Very many different values are represented in our society, but they should not be in conflict with one another. Our people should not be in conflict with one another. We have to rely on what unites all of us — the people of Estonia — not stress differences.
Despite all of our efforts and best intentions, painful divides have developed over the decades. We have not intentionally created them. These discrepancies surely aren’t unique to Estonia either; rather, we see them among our friends in Europe and throughout the world.
It is all the moreso that I appreciate the experience I have gained in more than two years of sitting at the table at the European Council. Countries always have differing positions and interests, but the awareness always exists there of everyone’s joint efforts. Bigger countries could take advantage of their positions of power, but instead they seek common ground.
Instead of demands and ultimatums, compromises are always sought at the table. This is something that we should take into account more in states’ internal politics as well. It is the duty and responsibility of all of us here in this hall as well as elsewhere that all of our people are brought together and differences reconciled.
The Centre Party, the Conservative People’s Party of Estonia (EKRE) and Isamaa have agreed in our wish to jointly bear the responsibility of government, based on the interests of the Estonian state and people.
At the three parties’ negotiations, we discussed very many challenges of Estonian life, as well as their possible solutions. Here I would like to acknowledge our partners, who in the course of negotiations were interested in compromises and focussed on seeking solutions.
We wanted and managed to find common ground on even the most difficult of issues. As a result, we ended up with a concise document of 15 chapters, the central axis of which is the desire to keep and develop Estonia so that it may last forever for our descendants.
Five main priorities
With our three parties, we formulated important principles in the social and healthcare fields, in education, in research and development activity, in foreign and security policy, in internal security, and in the business environment. Likewise highlighted are matters connected to cultural, environmental and energy policy, the development of the e-state, governance and civil society, and transport and infrastructure.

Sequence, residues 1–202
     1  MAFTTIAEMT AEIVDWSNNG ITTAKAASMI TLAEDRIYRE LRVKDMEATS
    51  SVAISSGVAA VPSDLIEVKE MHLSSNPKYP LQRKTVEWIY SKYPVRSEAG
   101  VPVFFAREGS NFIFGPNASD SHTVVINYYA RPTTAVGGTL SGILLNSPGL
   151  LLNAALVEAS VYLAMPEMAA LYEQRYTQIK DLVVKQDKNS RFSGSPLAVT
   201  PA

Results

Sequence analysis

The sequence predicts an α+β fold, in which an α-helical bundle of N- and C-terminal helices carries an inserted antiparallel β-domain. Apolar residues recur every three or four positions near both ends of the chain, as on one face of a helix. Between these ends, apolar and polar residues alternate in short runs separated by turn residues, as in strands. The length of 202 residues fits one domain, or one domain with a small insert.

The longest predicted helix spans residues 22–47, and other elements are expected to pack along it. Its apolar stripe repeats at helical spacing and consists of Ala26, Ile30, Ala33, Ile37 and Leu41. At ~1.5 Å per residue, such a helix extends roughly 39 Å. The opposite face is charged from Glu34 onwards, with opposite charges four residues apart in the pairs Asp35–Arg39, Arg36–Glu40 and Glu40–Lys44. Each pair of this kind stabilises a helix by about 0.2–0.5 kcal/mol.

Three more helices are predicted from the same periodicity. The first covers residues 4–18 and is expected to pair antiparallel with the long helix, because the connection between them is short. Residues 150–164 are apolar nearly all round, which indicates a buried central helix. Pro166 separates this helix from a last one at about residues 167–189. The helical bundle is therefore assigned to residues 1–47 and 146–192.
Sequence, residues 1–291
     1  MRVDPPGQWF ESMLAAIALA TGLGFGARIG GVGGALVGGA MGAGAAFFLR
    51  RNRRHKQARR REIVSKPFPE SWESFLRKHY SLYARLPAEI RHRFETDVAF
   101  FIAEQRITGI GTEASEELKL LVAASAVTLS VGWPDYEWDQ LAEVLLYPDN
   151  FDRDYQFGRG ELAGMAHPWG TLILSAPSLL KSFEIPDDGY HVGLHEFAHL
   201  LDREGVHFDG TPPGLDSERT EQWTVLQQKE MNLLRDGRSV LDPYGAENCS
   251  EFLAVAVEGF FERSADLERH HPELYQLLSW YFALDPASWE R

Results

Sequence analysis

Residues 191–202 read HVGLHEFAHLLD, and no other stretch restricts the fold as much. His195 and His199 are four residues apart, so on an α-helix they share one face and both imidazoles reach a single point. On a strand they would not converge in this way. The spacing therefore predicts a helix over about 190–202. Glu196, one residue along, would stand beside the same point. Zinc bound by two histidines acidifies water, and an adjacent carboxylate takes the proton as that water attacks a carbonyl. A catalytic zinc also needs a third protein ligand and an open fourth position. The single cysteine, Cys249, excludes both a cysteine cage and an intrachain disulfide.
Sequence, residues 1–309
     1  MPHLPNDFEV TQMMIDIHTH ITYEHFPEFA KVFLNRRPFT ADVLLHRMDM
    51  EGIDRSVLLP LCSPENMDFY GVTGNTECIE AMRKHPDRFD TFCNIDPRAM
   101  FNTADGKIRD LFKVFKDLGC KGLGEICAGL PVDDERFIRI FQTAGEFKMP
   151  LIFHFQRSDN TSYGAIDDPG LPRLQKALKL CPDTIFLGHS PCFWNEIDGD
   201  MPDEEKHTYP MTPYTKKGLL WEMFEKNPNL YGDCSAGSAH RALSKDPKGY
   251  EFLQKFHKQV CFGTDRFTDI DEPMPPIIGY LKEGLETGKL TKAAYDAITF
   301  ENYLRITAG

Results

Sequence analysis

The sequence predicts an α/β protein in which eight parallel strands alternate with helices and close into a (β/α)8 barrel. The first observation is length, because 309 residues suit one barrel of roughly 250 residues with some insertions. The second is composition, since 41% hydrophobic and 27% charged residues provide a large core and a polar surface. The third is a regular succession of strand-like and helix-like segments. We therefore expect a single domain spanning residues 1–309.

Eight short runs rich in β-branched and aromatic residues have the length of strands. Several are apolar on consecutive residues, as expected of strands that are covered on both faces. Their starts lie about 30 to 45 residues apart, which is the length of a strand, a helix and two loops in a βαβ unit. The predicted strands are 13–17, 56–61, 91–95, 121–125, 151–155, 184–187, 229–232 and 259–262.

Going forward, we will continue to stand for a cohesive, strong country with a growing population, and we will support local life in both Tallinn and Tartu, Kärdla and Kanepi, and Rakvere and the island of Ruhnu. In so doing, we will pay more attention first and foremost to those who also need the most help.
All of this serves our most important and constitutional duty, which is to ensure the continued existence of our Estonian people and an independent and defended Estonia.
Together, with the help of all of society, we want to build a family-friendly Estonia, whose society is cohesive, whose economy is successful and knowledge-based, which is governed effectively, and which is free and defended. These are the five main priorities of the government coalition we are establishing.
Free and defended Estonia
A free and defended Estonia foremost includes the three parties’ main, agreed upon positions on foreign and security policy. Estonia will continue firmly on its current foreign and security policy direction, a crucial element of which is our membership in the EU and NATO. When it comes to foreign and security policy, we will proceed based on Estonia’s national interests, state sovereignty and international law, complying with international agreements and the principles of the UN.